The problem of spam hardly needs an introduction. It is a time-waster for recipients. It has its sinister side in the form of V-spam and phishing. And it consumes infrastructure resources -- especially bandwidth. The only real solution available today is blocking: either at the recipients' premises or, sometimes, at the recipients' ISP. But this feels very much like locking the stable door after the horse has bolted and there must be a better alternative.
In the short term, I believe the onus is on ISPs, the Government and all other interested parties to stem spam at source. It is depressing to read that the UK is considered an ideal location for spammers. Our infrastructure is good -- which works to our disadvantage -- and our judicial system makes the chances of perpetrators being caught extremely low. Even if they are caught, current penalties are woefully inadequate.
Many anti-spam campaigners believe that beefing up the legislation is the way to go, but I fear this will take ages. And the measures that have already been taken seem quite inappropriate. Recent legislation makes a distinction between unsolicited email that is sent to private addresses, and that which is sent to businesses -- with only the former being deemed illegal.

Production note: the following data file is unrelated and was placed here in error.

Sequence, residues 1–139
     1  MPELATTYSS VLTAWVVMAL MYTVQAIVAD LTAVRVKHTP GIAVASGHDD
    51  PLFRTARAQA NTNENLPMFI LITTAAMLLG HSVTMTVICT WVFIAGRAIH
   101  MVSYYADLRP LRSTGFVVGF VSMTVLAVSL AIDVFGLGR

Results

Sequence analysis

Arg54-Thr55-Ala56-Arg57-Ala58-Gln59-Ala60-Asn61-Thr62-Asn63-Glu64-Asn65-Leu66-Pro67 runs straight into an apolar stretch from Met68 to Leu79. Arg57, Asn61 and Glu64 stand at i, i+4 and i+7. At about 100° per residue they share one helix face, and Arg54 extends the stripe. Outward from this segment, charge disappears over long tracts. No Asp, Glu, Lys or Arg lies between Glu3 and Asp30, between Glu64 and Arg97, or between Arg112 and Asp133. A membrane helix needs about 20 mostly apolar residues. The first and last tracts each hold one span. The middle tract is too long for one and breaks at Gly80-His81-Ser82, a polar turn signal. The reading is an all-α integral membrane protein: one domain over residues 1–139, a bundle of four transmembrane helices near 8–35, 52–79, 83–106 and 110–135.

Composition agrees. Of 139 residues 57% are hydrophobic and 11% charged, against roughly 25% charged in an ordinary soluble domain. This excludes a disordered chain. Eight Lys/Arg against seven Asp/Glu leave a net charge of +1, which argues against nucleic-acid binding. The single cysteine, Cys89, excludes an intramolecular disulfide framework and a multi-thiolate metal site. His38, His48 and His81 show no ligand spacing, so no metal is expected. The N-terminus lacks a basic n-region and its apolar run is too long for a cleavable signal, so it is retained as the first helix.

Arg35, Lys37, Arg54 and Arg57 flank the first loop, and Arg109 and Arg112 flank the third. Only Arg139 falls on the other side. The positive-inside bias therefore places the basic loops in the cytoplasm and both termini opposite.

I suspect that behind the decision to allow emails to flow into businesses in a more or less unrestricted fashion is the telemarketing industry for which, of course, email is an excellent tool. But it is perverse that individuals -- for whom emails are rarely critical -- are being protected against spam, while businesses have been given no protection. It is here, where genuinely critical messages can become lost and delayed in the deluge of unsolicited mail, and mechanisms such as V-spam can cause real damage.
What's the solution? Initially, some legislation against spamming businesses would at least send out a message that the UK is not a soft touch for spammers, even if this takes a while to come into effect. And I don't believe the Government should worry about taking on comments from the whole community before acting. Better to take unilateral action and then deal with anomalies as they occur.
In the longer term, however, the concept of charging for the whole email infrastructure gets my vote. The price must be pegged at a level that isn't an inhibitor for people who genuinely want to communicate: the sort of business or individual who used to be happy putting a stamp on an envelope or paying a phone bill.
And what about freedom of speech? Unfortunately my suggestion is contrary to the original essence and spirit of the internet, but time has moved on. The internet is no longer a curiosity, but an essential part of our business infrastructure. Its provision and control needs to be handled in a professional and scaleable fashion. Undoubtedly the creation of a billing system for email is no mean task, but it is already being done for conventional telephones and mobiles -- which are on a similar scale.
All that is needed now is the will for it to happen.
Bob Jones is managing director of Equiinet